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Why do some social enterprises flourish in Vietnam? A comparison of human and ecosystem partnerships

Why do some social enterprises flourish in Vietnam? A comparison of human and ecosystem partnerships Social enterprises can be found across Vietnam. However, little is known about how these organizations contribute to the country’s broader efforts to meet the United Nations Sustainable Development Goals (SDGs). This paper aims to explore whether and to what extent differences in social impacts by social enterprises may be explained by the psychological characteristics of social entrepreneurs and cross-sector “ecosystem” partnerships in training, networking, consultation and funding.Design/methodology/approachA survey of N ≈ 352 Vietnamese social entrepreneurs explored relationships between individual entrepreneurial orientation (EO), social identity, self-construal and personality, with elements of ecosystem partnerships (access to training, networking, consultation and funding) and social impacts over the previous three years (growth/jobs created and people helped, termed efficiency and generosity, respectively).FindingsEcosystem partnerships factored into frequency and quality of partnerships. Frequency predicted social enterprise efficiency (p < 0.05) and quality predicted generosity (p < 0.01). Frequency of partnerships further moderated (boosted) significant links between EO (risk innovation, p < 0.05) and efficiency; and between social identity (communitarianism, p < 0.01) to efficiency; plus, quality of partnerships moderated a link between EO (risk innovation) and efficiency (p < 0.05).Practical implicationsEcosystem partnerships may foster social enterprise development through at least two pathways (equifinality), i.e. frequency and quality. The former is linked to efficiency and the latter to generosity, signaling interrelates but distinguishable outcomes. Direct links between EO and communitarian social identity leading to social enterprise development were additionally boosted (p < 0.05) by the frequency and quality of partnerships. Thus, ecosystem partnerships brought about both direct and indirect benefits to social enterprises in Vietnam.Social implicationsSocial impacts of efficiency and generosity support both decent work (SDG-8) and poverty eradication (SDG-1), through ecosystem partnerships in development (SDG-17).Originality/valueTo the best of the authors’ knowledge, this is the first empirical study to show that social enterprises in Vietnam may enhance social impacts through a combination of effects from social entrepreneurs and ecosystem partnerships. Current models of social enterprises in low-income countries like Vietnam can be expanded to include ecosystem partnerships and social outcomes relating to SDGs 1 and 8, and especially the multiple path benefits that ecosystem partnerships (under SDG-17) bring to social enterprise development. http://www.deepdyve.com/assets/images/DeepDyve-Logo-lg.png Sustainability Accounting, Management and Policy Journal Emerald Publishing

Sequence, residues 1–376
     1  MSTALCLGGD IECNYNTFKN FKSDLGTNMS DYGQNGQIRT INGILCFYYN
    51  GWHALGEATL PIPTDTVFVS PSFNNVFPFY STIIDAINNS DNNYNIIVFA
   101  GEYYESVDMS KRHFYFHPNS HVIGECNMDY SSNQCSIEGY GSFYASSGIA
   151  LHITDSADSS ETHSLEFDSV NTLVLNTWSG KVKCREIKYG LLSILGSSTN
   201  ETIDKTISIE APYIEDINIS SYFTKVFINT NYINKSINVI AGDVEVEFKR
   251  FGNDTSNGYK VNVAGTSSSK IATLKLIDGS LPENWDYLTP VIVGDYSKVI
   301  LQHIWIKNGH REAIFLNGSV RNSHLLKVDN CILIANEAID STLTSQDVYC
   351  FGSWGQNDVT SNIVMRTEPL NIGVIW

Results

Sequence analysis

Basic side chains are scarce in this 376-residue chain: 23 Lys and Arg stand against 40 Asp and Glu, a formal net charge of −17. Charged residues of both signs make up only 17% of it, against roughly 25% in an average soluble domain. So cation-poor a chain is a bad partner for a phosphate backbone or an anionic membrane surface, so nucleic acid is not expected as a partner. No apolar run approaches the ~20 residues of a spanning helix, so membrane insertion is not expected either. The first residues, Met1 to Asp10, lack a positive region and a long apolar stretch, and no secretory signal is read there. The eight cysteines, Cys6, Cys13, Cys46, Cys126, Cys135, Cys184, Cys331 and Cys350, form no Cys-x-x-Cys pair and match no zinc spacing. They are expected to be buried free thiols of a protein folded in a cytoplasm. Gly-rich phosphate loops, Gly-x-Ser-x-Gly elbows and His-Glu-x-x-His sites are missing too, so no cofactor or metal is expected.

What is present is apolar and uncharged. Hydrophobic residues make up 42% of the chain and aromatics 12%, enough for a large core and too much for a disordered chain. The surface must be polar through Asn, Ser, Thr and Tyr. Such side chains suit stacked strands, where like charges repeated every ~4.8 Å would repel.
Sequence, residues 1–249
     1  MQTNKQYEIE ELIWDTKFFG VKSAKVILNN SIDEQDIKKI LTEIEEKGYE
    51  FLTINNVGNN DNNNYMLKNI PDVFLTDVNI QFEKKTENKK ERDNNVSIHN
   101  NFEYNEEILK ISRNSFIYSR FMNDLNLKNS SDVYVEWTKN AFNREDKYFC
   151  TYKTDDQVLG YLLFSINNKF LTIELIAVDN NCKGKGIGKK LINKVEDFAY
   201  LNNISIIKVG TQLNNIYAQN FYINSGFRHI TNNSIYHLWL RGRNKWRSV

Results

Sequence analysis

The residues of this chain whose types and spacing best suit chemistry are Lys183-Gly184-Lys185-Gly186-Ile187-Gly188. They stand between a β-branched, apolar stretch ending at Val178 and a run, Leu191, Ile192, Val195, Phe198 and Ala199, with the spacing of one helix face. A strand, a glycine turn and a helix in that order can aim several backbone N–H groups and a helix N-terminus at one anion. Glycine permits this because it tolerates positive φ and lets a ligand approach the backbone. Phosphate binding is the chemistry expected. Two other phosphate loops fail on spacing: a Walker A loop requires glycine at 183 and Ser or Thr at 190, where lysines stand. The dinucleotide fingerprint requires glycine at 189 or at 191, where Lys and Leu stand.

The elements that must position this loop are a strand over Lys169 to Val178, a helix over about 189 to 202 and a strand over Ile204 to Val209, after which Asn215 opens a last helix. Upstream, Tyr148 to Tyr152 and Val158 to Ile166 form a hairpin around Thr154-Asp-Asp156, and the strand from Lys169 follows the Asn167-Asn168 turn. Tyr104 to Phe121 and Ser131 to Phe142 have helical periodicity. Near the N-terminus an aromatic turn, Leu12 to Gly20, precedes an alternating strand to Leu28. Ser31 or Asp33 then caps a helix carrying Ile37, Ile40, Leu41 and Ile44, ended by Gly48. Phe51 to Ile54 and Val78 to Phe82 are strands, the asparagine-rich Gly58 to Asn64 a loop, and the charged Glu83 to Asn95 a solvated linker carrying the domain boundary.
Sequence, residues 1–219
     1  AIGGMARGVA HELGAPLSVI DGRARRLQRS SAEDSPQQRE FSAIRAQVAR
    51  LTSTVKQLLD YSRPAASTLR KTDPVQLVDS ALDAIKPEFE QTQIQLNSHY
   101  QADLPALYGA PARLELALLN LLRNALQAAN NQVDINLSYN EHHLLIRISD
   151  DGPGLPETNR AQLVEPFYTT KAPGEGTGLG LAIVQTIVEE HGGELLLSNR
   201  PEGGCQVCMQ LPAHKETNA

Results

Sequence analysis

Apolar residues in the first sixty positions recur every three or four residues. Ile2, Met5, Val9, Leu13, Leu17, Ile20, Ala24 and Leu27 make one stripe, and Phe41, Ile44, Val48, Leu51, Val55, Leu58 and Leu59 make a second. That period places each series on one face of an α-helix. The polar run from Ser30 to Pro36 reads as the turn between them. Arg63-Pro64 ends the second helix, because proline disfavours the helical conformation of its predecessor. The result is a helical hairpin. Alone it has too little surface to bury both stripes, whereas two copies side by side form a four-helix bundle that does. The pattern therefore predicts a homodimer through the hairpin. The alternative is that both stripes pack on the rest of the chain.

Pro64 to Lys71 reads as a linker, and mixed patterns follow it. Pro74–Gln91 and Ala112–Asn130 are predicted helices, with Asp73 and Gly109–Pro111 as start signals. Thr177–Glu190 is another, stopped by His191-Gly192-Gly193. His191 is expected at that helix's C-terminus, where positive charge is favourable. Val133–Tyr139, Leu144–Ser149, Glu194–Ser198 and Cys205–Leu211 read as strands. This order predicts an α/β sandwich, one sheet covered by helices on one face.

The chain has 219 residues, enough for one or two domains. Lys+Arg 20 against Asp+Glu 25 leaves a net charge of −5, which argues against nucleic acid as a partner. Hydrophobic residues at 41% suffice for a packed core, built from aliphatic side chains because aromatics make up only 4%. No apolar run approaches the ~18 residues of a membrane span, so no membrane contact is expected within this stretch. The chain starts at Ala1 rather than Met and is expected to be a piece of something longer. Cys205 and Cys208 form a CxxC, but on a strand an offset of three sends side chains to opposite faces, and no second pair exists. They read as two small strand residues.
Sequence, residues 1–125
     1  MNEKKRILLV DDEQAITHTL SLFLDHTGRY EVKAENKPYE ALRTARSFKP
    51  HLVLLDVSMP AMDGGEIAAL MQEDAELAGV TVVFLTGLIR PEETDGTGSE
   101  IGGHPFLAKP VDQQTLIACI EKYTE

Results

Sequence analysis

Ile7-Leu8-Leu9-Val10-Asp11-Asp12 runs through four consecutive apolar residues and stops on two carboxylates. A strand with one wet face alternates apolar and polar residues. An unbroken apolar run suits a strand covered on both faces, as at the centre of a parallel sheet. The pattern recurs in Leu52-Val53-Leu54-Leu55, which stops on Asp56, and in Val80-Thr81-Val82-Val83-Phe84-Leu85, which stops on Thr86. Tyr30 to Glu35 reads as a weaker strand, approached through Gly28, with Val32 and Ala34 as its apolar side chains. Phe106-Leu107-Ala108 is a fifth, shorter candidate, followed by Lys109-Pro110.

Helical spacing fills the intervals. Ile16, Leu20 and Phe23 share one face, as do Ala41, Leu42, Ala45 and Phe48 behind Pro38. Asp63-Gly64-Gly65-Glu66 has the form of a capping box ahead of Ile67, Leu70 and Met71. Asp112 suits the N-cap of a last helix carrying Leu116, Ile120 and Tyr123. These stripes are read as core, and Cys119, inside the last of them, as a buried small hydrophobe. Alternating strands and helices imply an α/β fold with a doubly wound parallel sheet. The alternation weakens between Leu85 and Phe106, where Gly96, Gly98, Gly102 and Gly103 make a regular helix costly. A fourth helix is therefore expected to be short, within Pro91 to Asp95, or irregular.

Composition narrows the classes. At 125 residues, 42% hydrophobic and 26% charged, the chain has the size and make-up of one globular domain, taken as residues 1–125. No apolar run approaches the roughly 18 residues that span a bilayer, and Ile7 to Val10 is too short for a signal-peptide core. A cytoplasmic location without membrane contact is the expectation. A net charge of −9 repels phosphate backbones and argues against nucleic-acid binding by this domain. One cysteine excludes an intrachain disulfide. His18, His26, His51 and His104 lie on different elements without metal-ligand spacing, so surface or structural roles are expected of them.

Why do some social enterprises flourish in Vietnam? A comparison of human and ecosystem partnerships